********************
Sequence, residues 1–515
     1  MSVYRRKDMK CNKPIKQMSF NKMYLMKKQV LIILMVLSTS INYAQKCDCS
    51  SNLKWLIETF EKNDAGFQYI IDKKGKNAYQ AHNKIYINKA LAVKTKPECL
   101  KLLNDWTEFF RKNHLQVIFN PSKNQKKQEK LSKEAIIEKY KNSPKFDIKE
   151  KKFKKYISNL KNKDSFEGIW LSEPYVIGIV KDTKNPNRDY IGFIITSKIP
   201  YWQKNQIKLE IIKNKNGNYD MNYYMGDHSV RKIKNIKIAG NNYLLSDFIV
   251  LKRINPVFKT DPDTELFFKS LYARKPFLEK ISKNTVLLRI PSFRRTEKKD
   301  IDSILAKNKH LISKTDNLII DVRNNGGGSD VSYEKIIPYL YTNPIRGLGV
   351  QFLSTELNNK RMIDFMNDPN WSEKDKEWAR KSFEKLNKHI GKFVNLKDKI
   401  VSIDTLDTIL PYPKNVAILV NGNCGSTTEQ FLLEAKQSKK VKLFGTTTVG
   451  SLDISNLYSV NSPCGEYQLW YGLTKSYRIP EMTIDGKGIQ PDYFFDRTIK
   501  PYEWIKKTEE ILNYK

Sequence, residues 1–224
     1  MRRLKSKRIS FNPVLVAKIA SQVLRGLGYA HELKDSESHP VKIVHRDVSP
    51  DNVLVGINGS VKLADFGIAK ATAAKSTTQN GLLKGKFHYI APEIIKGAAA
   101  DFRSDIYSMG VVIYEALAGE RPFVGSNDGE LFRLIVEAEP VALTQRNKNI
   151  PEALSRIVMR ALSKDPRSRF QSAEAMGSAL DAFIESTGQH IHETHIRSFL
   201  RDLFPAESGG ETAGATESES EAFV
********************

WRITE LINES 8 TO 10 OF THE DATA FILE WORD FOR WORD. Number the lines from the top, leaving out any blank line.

   301  IDSILAKNKH LISKTDNLII DVRNNGGGSD VSYEKIIPYL YTNPIRGLGV
   351  QFLSTELNNK RMIDFMNDPN WSEKDKEWAR KSFEKLNKHI GKFVNLKDKI
   401  VSIDTLDTIL PYPKNVAILV NGNCGSTTEQ FLLEAKQSKK VKLFGTTTVG